Naperville Central, the No. 5 seed in the Romeoville sectional, moves on to face No. 1 seed Plainfield North at 4:30 p.m. Wednesday in a sectional semifinal.
Lucas believes the Redhawks have the talent to make a deep run in the playoffs.
“When we play like this, we’re unstoppable,” Lucas said. “When we get hits, and pitch like (Nashert) was pitching today, we can beat anybody.”
I wrote this story for the Chicago Sun-Times, Naperville Sun and yourseason.com.
The Redhawks and Mustangs shake hands after Saturday’s game. It appears here.
After Metea Valley struggled in three straight losses last week, Mustangs coach Craig Tomczak had every right to be concerned about his team’s bats going into Thursday’s regional semifinal against Wheaton Warrenville South.
But the Mustangs pushed any doubt aside, pounding out 16 hits and 12 runs in their 12-5 victory over the Tigers.
Metea Valley, the No. 10 seed in the Romeoville sectional, advances to play second-seeded Hinsdale South at 10 a.m. Saturday in the Waubonsie Valley regional final.
“We didn’t swing the bats real well last week and I was a little nervous going in to the game today,” Tomczak said. “Our approach today was great. It took us a couple innings to get going, but everyone always says that hitting is contagious, and that one inning we put a bunch of hits together.”
The Tigers took a 1-0 lead in the bottom of the first inning on an RBI single by Ryan O’Neil. Wheaton South was in position to add more – they had the bases loaded with just one out – but Metea pitcher Tom Bolle induced a double play to end the inning.
The Mustangs’ bats broke out in the third inning, scoring five runs on six hits. Kenny Obendorf, Michael Mooney, Billy Sheeren, Austin Kinnavy and Ben Doiron all chipped in RBI singles during the inning as the Mustangs took a 5-1 advantage.
Metea (17-18) added two more runs in the fifth inning on RBI singles by Kinnavy and Obendorf.
In the seventh inning, the Mustangs had their second five-run frame. Andrew Fox started the scoring with an RBI single that brought home Kinnavy. Then with two outs and two strikes, Mooney launched a grand slam to left field that put Metea up 12-1. It was the junior first baseman’s first grand slam at any level.
“It was really exciting,” Mooney said. “I was trying to get the bat on the ball, it worked out.”
Obendorf went 3-for-5 with 2 RBI and 2 runs scored while Kinnavy went 3-for-4 with an RBI and two runs scored. Of the Mustangs 16 hits, 15 were singles. Mooney’s grand slam was Metea’s first and only extra base hit.
“We have the type of team that if we get a lead, I think we’re better offensively. Then we can bunt a little bit, we can hit and run, we can steal bases from time to time,” Tomczak said. “We have a lot of base hit guys, and when you’re trailing, it’s hard to do the things we like to do offensively.”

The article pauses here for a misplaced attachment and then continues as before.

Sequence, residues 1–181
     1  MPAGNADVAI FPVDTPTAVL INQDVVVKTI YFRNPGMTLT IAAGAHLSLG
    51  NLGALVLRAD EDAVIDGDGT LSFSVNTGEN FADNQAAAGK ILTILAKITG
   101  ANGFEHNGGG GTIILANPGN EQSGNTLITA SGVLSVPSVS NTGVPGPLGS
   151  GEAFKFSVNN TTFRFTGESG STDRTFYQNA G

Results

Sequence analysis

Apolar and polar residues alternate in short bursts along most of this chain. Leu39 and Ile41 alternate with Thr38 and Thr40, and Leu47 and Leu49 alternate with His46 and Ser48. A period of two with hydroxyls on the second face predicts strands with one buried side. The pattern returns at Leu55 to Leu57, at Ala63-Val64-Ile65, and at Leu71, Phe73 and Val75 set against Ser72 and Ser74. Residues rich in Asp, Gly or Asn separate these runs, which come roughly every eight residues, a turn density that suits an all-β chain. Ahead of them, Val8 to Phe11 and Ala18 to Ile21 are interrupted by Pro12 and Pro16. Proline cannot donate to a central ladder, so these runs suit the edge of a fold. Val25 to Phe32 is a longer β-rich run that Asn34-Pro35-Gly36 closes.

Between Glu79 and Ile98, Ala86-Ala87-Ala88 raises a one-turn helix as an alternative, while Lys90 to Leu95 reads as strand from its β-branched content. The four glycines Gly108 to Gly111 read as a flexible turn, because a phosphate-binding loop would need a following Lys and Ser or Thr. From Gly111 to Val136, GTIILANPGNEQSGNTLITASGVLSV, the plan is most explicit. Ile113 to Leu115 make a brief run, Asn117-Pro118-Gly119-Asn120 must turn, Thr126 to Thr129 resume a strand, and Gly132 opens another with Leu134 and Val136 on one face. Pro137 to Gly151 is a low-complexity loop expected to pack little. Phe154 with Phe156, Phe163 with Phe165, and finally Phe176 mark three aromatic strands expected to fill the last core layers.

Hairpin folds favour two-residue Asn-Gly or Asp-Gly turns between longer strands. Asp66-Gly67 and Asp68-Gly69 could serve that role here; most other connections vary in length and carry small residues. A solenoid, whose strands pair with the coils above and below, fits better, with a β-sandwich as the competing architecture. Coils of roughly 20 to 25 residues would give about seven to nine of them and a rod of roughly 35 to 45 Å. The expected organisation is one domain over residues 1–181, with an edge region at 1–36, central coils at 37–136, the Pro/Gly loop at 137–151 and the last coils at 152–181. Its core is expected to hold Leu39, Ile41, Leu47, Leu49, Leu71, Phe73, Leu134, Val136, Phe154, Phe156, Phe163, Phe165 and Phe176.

The Tigers got RBI base hits from Kevin Giltz and O’Neil as they scored four runs in the bottom of the seventh. Metea pitcher Adam Cielinski relieved Bolle with two outs in the inning and retired the only batter he faced to clinch the Mustangs’ 12-5 victory.
The Mustangs will make their first ever appearance in a regional final game on Saturday. Tomczak said the Mustangs want to go even farther.
“These kids have worked hard for it for three years. But our job is not done, we’re not satisfied by any means,” Tomczak said. “But we know the job Saturday is going to be really, really tough. They’ve got a real good team.”
I wrote this story for the Chicago Sun-Times, Aurora Beacon, Naperville Sun and yourseason.com. It appears here.
Oswego East warms up before Tuesday’s game against Minooka.
After a promising start, Oswego East gave up eight runs in the fourth inning as the Wolves dropped their fifth straight game 12-1 to visiting Minooka in six innings on Tuesday.
Minooka first base man T.J. Condon had two hits and three RBI and pitcher Kevin Ruff only gave up two hits and one run as the Indians picked up the Southwest Prairie Conference victory.
“When you’re in a tight ball game, everybody is a little tense, hoping to get that first big hit,” said Minooka coach Jeff Petrovic. “Once we got the hit to take the lead, it just seemed like things kind of snowballed from there and we hit the ball really, really well.”
Wolves pitcher David Schurr held the Indians scoreless through three innings, giving up just three hits while striking out five.
The Wolves took a 1-0 lead in the bottom of the third when Nick Mazzocchi trotted home after Ruff was called for a balk.
However, things quickly went downhill for the Wolves. Minooka pounded out seven hits and eight runs as 12 Indians came to the plate in fourth inning.
Condon gave the Indians a 2-1 lead with a two-run single that caromed off the center field fence.
Max Brozovich, Dane Colvin, Tyler Thorson, Steve Wittkamp and Carson Neushwander all had RBI singles as the Indians tacked on six more runs in the inning.
“We weren’t trying to hit the ball as hard in the fourth,” said Wittkamp, who had two hits in the inning. “We were just trying to put it in play and hopefully try to make things happen.”
Joe Carnagio and Austin Polcyn had RBI singles and Condon added an RBI double as the Indians scored four more runs in the sixth inning to take a 12-1 lead.
Ruff found out he was going to start just 10 minutes before Minooka (11-8, 4-3) took the field, but that didn’t seem to have any ill-effect on the right-handed senior as he picked up the win.
“I didn’t have my best stuff but I was just throwing strikes and getting ahead early in the count,” said Ruff, who struck out five batters while walking two. “I think I only threw 60 pitches throughout the whole game, so I was really efficient.”
Oswego East (4-10, 2-5) coach Jim Vera said not much has gone right for the Wolves during their current five-game losing streak.
“We’re not hitting, we’re not playing defense. If we continue to fail at doing the little things right, it’s going to take a long time to get on the right track,” said Vera. “The talent is here, just the confidence isn’t right now.”
I wrote this story for the Chicago Sun-Times, Aurora Beacon and yourseason.com. It appears here.